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the Conservative party was in power. Does my right hon. Friend agree that the Conservative Government introduced a flat tax in the past—it was called the poll tax, under which nurses paid exactly the same as—

Mr. Speaker: Order. The first part of the supplementary was fine.

Mr. Browne: Part of our stability has been continued growth in labour markets. More people now work in all constituencies throughout the UK. In total, 2.3 million more people work in the UK now than when the Government came to power. We can contrast that with the Conservative Government's record. That is a measure whereby we can judge whether we should take lessons from Conservative Members about how to run the economy.

Mr. Philip Hammond (Runnymede and Weybridge) (Con): As my hon. Friend the Member for Surrey Heath (Michael Gove) said, the Chancellor blames the halving of Britain's growth on oil price rises. Will the Chief Secretary, in the Chancellor's absence, acknowledge the findings of the National Institute of Economic and Social Research, which claims that the impact of oil on this year's growth will be negligible? Is not the truth of the matter that the slowdown is home-grown? Does the Chief Secretary think it could have anything to do with the WEF findings that Government spending in Britain is now more wasteful than in Tanzania and that our tax system is less efficient than that of Ethiopia or Ghana?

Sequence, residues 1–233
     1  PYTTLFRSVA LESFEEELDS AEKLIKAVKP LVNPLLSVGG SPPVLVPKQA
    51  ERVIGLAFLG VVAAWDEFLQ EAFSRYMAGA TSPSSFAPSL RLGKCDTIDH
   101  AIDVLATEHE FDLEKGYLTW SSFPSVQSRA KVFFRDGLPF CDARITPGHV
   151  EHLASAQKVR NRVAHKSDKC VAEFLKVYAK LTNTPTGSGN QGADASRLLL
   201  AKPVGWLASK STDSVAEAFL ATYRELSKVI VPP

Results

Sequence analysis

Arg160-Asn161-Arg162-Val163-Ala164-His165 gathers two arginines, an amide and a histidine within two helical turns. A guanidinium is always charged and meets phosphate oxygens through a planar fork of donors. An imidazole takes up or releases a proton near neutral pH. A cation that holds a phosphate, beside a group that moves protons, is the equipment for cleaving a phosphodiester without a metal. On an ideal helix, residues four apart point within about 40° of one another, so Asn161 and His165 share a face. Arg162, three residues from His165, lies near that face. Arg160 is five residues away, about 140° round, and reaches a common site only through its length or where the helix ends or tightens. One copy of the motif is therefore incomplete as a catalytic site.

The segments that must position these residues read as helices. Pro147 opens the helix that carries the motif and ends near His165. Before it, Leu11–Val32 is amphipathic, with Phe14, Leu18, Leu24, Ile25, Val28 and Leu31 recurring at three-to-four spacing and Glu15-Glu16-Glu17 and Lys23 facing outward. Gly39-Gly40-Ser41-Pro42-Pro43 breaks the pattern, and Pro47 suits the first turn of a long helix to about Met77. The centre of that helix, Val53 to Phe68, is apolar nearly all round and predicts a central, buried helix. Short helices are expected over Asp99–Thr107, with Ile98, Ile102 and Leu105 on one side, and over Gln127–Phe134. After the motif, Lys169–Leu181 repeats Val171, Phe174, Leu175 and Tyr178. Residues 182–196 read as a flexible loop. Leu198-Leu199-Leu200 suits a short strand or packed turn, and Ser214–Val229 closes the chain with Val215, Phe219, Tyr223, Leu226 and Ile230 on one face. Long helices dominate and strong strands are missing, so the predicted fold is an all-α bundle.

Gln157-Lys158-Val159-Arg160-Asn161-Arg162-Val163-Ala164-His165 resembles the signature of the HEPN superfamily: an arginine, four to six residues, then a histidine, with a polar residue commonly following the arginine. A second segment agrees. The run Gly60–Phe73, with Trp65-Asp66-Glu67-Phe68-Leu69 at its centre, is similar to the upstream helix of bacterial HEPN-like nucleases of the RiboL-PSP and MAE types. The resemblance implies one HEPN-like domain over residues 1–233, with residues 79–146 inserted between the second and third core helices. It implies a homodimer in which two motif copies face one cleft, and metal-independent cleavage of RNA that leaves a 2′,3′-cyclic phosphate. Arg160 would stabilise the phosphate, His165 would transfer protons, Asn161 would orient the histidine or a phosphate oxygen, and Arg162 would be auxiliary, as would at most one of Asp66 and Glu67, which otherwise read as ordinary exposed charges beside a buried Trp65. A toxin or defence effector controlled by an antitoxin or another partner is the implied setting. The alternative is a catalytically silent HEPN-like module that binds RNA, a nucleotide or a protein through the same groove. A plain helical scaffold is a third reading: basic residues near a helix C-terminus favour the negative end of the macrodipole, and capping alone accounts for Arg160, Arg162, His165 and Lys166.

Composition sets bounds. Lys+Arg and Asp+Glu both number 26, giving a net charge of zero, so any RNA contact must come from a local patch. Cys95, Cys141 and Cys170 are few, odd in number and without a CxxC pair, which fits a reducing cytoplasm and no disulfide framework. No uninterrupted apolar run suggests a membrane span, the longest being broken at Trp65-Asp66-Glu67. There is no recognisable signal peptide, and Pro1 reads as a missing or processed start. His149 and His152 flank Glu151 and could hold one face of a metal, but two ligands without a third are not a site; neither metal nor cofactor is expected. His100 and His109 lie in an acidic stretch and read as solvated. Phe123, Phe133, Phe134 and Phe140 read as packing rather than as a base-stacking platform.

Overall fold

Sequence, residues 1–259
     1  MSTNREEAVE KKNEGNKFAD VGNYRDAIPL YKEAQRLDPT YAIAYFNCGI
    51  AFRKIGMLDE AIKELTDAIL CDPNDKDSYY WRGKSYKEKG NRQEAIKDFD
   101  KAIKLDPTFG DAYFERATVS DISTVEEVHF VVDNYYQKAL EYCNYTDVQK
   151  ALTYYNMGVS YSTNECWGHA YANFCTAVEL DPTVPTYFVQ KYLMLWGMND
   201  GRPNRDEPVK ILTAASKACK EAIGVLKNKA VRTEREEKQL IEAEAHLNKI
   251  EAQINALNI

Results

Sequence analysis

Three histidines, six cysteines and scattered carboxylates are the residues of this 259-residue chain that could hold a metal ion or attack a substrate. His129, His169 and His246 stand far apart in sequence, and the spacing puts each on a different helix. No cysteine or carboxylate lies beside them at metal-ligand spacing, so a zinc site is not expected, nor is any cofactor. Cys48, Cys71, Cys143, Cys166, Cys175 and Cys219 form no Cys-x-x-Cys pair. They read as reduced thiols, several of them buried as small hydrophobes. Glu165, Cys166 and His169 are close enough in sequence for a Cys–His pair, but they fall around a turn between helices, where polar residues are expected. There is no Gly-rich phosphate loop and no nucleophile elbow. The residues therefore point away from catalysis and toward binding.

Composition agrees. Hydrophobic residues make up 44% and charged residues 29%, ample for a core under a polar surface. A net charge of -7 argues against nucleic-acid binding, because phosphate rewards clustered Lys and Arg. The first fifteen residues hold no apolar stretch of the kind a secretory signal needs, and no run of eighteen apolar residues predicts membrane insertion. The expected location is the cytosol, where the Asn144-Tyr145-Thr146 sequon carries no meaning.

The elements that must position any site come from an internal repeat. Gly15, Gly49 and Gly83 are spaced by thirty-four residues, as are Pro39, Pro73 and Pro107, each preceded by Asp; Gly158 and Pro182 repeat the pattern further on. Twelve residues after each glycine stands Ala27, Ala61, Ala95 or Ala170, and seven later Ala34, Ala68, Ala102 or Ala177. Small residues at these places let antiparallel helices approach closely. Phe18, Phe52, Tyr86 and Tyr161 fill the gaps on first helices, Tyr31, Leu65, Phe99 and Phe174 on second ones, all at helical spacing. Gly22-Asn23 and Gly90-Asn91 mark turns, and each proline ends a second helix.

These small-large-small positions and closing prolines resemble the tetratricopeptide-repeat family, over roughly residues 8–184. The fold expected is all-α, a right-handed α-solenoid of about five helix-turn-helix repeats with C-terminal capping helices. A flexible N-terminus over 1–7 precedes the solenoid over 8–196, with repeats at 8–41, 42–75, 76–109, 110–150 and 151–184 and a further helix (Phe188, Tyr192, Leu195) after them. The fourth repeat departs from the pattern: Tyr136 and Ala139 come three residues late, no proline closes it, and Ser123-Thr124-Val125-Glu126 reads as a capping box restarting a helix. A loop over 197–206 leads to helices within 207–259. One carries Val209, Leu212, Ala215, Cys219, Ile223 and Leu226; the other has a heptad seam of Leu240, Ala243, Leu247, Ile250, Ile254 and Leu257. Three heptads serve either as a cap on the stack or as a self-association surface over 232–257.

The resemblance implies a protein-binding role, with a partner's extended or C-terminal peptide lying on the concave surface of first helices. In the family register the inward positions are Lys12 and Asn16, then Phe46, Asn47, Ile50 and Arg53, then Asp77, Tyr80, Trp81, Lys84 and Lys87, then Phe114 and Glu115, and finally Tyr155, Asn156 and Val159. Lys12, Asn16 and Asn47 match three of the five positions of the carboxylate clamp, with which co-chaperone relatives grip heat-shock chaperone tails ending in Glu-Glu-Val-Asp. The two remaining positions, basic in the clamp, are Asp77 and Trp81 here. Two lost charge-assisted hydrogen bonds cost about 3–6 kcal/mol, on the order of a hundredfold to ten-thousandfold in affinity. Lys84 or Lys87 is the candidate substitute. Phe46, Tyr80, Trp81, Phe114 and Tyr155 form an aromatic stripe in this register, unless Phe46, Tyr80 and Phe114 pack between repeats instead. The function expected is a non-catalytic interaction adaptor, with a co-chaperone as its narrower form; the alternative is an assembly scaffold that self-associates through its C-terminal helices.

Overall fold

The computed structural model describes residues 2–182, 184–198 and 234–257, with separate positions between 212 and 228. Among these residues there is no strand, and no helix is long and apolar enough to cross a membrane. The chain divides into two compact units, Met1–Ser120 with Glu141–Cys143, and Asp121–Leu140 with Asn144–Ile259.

Mr. Browne: If the problem is home-grown, as the hon. Gentleman suggests, why is the UK economy growing faster than that of Germany, France, Italy, the Netherlands, the euro area, Japan, Australia and New Zealand? That is happening because the problem is not home-grown, but caused by the environment. That is why I said earlier that the economy was behaving appropriately in the current macro-environment, which includes oil prices. They have been continuously high for a quarter of a century, not only recently—

Mr. George Osborne (Tatton) (Con): They are not the whole story.

Mr. Browne: Well, if we had had the sustained oil prices, moderation of the housing market and a euro area growth rate to provide the context for the rise—

Mr. Speaker: Order. I must try to get down the Order Paper—it is a difficulty that I have.

Andrew Selous: On a point of order, Mr. Speaker.

Mr. Speaker: No points of order are taken during Question Time.

Mrs. Louise Ellman (Liverpool, Riverside) (Lab/Co-op): Does my right hon. Friend agree that the recent announcement of major funding to the Liverpool school of tropical medicine from the Gates Foundation, the north-west development agency and Europe will enable it to be a bigger player in combating world disease and that that will also have an impact on economic growth
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in Liverpool and the north-west? Will the Government continue to support investment in science, thus supporting regional growth in the north-west?

Mr. Browne: My hon. Friend is right that investment in science, especially support for research and development in science, is an important component of a modern economy. Of course, the Treasury and the Government will continue to support that. However, we can do that only because of the framework that the Government have created. The Lords Economic Affairs Committee stated:

Basic fiscal rules and stability have given us the opportunity to invest in science.